Each year, Huxley College provides a limited number of small grants to foster and facilitate graduate thesis research in environmental science and geography. In Fall 2016, the Graduate Program Committee awarded a total of $2,150 in support of graduate student thesis projects.

Click on a highlighted name to review the approved proposal:

  1. Cristina Villalobos
    Award amount: $1404
    Topic: How interaction of ocean warming and acidification will affect Pacific Herring embryology and make predictions of future herring populations.

  2. Mira Lutz
    Award amount: $746
    Topic: A search for Blue Carbon in temperate eelgrass meadows.

 

Huxley College's Urban Planning and Sustainable Development Program Awarded National Accreditation

Western has been granted national accreditation for its BA program in Urban Planning and Sustainable Development. The accreditation of undergraduate and graduate programs in the United States is granted by the Planning Accreditation Board in association with the American Planning Association, the American Institute of Certified Planners, and the Association of Collegiate Schools of Planning. The granting of accreditation followed a three-year review effort involving the demonstration of compliance with 57 standards and criteria. Western now joins only fifteen other accredited undergraduate planning programs in the United States, and is the second accredited undergraduate planning program in Washington State.

Western has a long tradition in training students in the professional field of urban planning. Huxley College’s BA Degree Program in Urban Planning and Sustainable Development, and its predecessor BA programs in environmental planning and urban and regional planning, have continuously operated at... Continue reading

2016 T-shirt & Sweatshirt Sale During Dead Week in the ES Lobby

$5 off any sweatshirt in stock while supplies last!

Don’t miss our Huxley College T-shirt & sweatshirt sale, just in time for the holidays. We’ll be in the lobby of the Environmental Studies building (floor 1) on Tuesday 2-5pm, Wednesday 9am - 12:30pm, and Thursday 2-5pm. Stop by and pick up a Huxley hoodie or T-shirt. (NOTE: Cash, checks and credit cards accepted.)

Stock up now, and be sure to ask about our environmentally friendly products...

Huxley Speaker Series 12/1: David Shull on the Bering Sea Ecosystem

As part of the 2016-17 Huxley College of the Environment Speaker Series, David Shull from Huxley's Department of Environmental Sciences will discuss the cycling of carbon and nutrients in Bering Sea sediments at 4:00 p.m. on Thursday, December 1 in Miller Hall 138 on the Western Washington University campus. The presentation is free and open to the public.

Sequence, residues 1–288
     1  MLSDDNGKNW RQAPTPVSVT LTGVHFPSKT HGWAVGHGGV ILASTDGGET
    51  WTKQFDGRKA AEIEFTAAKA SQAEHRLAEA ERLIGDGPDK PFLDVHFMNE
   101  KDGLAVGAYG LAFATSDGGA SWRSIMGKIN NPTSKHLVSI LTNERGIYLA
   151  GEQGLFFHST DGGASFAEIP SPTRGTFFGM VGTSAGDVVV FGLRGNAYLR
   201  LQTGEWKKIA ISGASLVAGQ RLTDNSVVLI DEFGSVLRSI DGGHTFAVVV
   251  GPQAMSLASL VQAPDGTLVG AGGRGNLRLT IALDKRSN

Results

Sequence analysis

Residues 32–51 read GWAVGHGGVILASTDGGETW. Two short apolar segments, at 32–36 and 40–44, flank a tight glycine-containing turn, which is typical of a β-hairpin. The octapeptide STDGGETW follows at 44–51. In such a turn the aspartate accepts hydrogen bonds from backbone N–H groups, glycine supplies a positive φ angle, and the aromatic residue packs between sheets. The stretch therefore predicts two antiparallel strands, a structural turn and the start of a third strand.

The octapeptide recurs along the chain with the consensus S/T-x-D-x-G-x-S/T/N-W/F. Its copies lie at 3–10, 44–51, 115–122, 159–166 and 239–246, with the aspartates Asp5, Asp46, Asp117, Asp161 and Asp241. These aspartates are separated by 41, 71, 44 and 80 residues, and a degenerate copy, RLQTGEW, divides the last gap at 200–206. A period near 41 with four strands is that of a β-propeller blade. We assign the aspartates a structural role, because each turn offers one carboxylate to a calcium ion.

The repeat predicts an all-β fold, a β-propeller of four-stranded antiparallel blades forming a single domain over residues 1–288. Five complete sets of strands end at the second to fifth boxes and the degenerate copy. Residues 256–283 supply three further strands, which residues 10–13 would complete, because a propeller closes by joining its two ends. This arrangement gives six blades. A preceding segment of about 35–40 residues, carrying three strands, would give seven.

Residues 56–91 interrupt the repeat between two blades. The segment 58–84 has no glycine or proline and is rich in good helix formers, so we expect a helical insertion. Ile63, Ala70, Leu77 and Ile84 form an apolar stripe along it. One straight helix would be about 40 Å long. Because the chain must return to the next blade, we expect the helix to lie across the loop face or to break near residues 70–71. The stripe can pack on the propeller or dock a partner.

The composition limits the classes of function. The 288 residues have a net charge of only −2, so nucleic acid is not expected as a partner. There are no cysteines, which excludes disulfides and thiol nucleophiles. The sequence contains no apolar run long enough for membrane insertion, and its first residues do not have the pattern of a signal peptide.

Located between the mostly ice-covered Arctic and the ice-free North Pacific Oceans, the Bering Sea is an incredibly productive ecosystem. This productivity is fueled by the seasonal availability of sunlight and nutrients, both of which are influenced by spring melt-back of sea ice. But the extent and timing of sea ice melt is changing as the region warms. Because the 500-km wide Bering Shelf is relatively shallow, biological and chemical processes in seafloor sediments likely play a significant role in the cycling of carbon and nutrients... Continue reading

Huxley Speaker Series 11/17: James Meacham on Wildlife GPS-collar Technology

As part of the 2016-17 Huxley College of the Environment Speaker Series, James Meacham from InfoGraphics Lab will discuss the use of GPS-collar technology to track wildlife in Yellowstone National Park at 4:00 p.m. on Thursday, November 17 in Miller Hall 138 on the Western Washington University campus. The presentation is free and open to the public.

Wildlife GPS-collar technology provides wildlife ecologists an immense amount of data, giving new insight into animal migration. In his Speaker Series talk titled “Visualizing the Complexities of Wildlife Migration: Greater Yellowstone Ecosystem Ungulates,” James Meacham will focus on the spatiotemporal data and cartographic design challenges encountered in the creation of thematic maps and data graphics for the Atlas of Wildlife Migration: Wyoming’s Ungulates. The recent discovery of the longest land mammal migration in the contiguous United States, the 150-mile “Red Desert... Continue reading

Pages

Subscribe to